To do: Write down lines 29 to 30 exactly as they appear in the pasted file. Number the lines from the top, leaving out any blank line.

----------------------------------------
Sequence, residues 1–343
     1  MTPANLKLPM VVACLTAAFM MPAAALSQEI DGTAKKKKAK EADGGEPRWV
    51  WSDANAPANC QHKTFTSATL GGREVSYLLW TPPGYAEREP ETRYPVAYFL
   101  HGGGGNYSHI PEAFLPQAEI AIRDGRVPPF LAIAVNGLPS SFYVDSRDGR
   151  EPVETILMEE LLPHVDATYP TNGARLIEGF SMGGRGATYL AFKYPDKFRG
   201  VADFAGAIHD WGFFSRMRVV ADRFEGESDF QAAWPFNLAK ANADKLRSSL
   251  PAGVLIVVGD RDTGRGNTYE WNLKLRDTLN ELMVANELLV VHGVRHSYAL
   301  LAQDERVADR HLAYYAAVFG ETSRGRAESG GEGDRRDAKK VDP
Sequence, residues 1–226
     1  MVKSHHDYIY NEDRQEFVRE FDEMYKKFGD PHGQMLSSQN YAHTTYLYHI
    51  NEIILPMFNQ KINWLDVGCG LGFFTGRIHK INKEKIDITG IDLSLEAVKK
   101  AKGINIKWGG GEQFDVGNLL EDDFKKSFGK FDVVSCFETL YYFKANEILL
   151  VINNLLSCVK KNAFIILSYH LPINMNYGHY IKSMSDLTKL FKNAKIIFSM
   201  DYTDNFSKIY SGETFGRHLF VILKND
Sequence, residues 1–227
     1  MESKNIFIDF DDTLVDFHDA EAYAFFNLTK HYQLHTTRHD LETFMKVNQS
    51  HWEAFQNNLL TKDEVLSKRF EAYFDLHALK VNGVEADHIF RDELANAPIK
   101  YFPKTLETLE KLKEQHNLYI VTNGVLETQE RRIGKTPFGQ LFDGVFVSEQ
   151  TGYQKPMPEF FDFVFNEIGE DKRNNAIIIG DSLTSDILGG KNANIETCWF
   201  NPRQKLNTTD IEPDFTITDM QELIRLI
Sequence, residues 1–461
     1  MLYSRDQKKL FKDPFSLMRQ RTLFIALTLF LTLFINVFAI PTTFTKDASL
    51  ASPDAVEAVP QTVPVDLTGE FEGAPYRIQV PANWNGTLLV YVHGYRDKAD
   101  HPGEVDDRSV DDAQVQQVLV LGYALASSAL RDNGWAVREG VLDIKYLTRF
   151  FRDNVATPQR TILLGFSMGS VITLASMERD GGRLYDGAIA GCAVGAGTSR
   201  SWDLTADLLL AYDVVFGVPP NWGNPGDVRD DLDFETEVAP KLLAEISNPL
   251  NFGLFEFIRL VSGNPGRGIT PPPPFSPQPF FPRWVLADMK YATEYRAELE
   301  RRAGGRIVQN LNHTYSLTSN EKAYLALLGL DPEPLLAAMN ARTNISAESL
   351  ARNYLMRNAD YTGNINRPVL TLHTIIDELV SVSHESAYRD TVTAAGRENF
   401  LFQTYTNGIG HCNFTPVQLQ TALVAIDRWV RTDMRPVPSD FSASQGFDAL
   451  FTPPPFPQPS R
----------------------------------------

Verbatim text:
   351  ARNYLMRNAD YTGNINRPVL TLHTIIDELV SVSHESAYRD TVTAAGRENF
   401  LFQTYTNGIG HCNFTPVQLQ TALVAIDRWV RTDMRPVPSD FSASQGFDAL